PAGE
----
common stock which often causes the stock price to decline at which time the debt holder
converts some of the convertible debt to common shares with which he then covers his short
position. The debt holder continues to sell short and cover with converted stock which along
with selling by other shareholders, alarmed by the falling price, continually undermines the
share price making the shares unattractive to new investors. This can severely limit the company’s
ability to obtain new financing if the need arises.
An important characteristic of this kind of convertible debt is that it often carries conditions like
a quarterly or semi-annual reset of the conversion price to keep the conversion price more or
less close to the actual stock price. But a lower conversion price also increases the number of
shares that a bond holder gets in exchange for one bond, increasing the dilution of existing
shareholders. A lower price reset can also force investors that have set up a long CB/short
stock position to sell more stock ("adjust the delta"), creating a vicious circle, hence the nickname
death spiral.
Advantages to issuers of Convertible Bonds?
Lower fixed-rate borrowing costs. Convertible bonds allow issuers to issue
debt at a relatively low cost. Typically, a convertible bond at issue may yield 2%,
less than the interest on straight debt, or dividend on the underlying equity.
Locking into low fixed–rate long-term borrowing. Issuers can swap variable
rate bank borrowings for lower coupon fixed rate convertible borrowing.
Higher conversion price than a rights issue strike price. The conversion price
of a convertible bond is usually fixed at a significant premium to the then prevailing
market price. Admittedly there is equity dilution on conversion but not as great
as with a rights issue when the shares are offered at a discount to the market.
Voting dilution deferred. With a convertible bond, dilution of the voting rights
of existing shareholders only happens on eventual conversion of the bond.
Increasing debt gearing. A company will not increase straight debt beyond certain
limits, without it negatively impacting upon its credit rating and cost of debt.
Convertibles can provide additional funding when the straight debt “window” may
not be open.
Takeover paper. Convertibles can be used as a currency in takeovers. The bidder
can offer a higher income on a convertible than the dividend yield on the target
company’s shares, without having to lift the dividend yield on the bidder’s own
shares. This eases the process for a bidder with low-yielding shares acquiring
a company with higher-yielding shares. Perversely, the lower the yield on the
bidder’s shares, the easier it is for the bidder to create a higher conversion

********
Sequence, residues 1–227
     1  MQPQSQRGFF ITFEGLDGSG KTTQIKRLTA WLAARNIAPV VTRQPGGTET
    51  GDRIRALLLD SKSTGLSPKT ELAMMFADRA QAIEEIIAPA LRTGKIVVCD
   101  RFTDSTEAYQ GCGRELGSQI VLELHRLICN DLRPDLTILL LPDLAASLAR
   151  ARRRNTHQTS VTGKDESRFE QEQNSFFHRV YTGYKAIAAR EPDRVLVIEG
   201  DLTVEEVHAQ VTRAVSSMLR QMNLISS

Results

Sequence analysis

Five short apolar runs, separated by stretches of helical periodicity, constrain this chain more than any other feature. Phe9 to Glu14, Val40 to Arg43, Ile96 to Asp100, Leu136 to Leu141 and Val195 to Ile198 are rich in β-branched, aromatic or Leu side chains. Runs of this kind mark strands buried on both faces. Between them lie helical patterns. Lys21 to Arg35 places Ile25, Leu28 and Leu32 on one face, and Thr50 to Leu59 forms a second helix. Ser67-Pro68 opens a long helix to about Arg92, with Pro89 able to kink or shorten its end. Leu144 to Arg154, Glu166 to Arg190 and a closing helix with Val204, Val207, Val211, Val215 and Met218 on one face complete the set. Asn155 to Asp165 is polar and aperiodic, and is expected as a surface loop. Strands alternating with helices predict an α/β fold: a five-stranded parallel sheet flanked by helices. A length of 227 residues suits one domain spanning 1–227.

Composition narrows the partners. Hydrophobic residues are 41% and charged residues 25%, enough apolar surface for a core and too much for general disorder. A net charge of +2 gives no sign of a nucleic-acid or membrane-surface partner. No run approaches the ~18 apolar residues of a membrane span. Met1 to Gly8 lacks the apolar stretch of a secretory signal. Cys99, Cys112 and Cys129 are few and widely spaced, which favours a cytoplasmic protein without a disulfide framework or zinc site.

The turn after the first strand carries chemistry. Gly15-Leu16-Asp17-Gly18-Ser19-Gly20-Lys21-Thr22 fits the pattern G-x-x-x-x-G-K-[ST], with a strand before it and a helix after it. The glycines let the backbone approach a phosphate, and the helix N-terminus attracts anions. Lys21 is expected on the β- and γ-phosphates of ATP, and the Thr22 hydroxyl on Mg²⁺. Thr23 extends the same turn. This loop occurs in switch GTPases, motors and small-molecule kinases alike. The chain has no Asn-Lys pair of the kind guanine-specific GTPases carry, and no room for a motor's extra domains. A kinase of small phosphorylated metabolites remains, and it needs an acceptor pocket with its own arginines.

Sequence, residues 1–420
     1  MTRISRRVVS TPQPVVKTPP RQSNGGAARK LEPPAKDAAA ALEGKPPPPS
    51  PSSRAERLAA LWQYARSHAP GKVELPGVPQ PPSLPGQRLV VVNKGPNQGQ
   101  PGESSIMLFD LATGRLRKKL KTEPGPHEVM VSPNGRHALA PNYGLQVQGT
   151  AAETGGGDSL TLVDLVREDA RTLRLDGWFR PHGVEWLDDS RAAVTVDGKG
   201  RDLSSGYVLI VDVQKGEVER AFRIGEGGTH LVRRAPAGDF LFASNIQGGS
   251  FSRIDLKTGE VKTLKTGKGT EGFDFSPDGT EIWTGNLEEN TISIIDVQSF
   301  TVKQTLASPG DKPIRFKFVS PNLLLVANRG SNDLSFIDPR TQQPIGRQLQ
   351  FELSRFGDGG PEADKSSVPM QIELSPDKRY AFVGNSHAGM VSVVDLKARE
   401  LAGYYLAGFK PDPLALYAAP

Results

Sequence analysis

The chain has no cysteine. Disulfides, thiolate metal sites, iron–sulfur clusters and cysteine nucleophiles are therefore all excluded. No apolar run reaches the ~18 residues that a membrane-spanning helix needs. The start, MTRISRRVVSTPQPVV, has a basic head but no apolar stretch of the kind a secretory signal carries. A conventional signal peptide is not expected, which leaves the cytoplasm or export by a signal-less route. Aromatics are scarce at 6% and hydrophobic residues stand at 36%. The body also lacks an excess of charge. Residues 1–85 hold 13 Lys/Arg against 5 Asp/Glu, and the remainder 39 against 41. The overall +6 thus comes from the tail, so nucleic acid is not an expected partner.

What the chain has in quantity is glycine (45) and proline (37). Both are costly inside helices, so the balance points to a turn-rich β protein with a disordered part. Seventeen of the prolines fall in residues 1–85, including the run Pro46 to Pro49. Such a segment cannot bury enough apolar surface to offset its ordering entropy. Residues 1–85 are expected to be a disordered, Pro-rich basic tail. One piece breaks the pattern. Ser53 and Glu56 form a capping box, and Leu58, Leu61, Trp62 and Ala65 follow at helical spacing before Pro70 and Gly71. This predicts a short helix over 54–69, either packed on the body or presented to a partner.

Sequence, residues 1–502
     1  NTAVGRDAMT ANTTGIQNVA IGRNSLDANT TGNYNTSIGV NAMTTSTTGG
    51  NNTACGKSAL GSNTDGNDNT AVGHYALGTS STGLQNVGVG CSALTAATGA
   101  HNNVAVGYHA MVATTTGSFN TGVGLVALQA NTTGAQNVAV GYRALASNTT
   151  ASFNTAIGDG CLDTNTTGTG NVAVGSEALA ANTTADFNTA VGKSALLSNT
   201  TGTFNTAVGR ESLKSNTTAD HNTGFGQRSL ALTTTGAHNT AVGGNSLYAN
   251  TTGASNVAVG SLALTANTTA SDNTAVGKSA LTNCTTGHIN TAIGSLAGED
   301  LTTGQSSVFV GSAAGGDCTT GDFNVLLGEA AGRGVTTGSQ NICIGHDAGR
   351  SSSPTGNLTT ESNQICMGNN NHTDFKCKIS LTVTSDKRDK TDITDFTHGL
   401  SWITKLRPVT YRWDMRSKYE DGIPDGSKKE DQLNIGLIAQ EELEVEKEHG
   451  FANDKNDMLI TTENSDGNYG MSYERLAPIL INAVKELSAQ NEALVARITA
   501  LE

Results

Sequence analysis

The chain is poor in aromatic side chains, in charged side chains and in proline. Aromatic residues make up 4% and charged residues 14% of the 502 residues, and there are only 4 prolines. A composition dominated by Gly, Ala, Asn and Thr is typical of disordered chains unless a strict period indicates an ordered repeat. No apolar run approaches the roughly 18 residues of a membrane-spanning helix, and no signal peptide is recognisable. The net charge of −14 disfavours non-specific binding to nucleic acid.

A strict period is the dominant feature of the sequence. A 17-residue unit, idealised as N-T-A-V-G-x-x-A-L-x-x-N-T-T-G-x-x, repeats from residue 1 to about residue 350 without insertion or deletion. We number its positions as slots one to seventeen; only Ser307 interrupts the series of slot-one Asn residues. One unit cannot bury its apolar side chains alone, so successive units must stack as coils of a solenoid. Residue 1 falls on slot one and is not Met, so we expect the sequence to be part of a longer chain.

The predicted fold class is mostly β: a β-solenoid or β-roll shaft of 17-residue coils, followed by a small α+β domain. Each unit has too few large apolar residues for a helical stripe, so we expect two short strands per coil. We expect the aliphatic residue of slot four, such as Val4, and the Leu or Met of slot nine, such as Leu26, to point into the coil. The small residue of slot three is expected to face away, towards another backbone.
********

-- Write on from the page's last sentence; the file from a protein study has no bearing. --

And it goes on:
premium on the convertible, with consequent benefits for the mathematics of the
takeover. There are several cosmetic attractions.
The pro-forma fully-diluted earnings per share shows none of the extra cost of
servicing the convertible up to the conversion day irrespective if the coupon was
1% or 10%. The fully diluted earnings per share is also calculated on a smaller
number of shares than if equity was used as the takeover currency.
In some jurisdictions convertibles of various structures may be treated as equity
by the local accounting profession. In such circumstances, the accounting treatment
may result in less pro-forma debt than if straight debt was used as takeover
currency or to fund an acquisition. The perception is that gearing is less with
a convertible than if straight debt is used instead.
What Next?
ACH works closely with a AAA-rated European bank that is looking to fund convertible bond
issues from companies not only in Singapore but elsewhere in the region including Australia,
India, Malaysia and Thailand.
The European bank is the principal and holds all or most of the CB’s on its own books. It does
not syndicate it out or sell it off to other financial institutions. This ensures that you know who
the CB shareholder is, thus eliminating any risk of unidentified parties buying into the bonds
in the secondary market.
By dealing with just one party this ensures a high likelihood that the transaction will be successful.
This also obviates the need for marketing the issue and road shows.
Moreover, you only need to deal with enquiries from one institution rather than answering to a
plethora of individual bondholders.
Finally, the backing and support of a AAA-rated bank will reflect positively on your company’s
credit rating and standing in the market.
If your company is considering raising capital we, at ACH, would be very happy to discuss this
in more detail with you.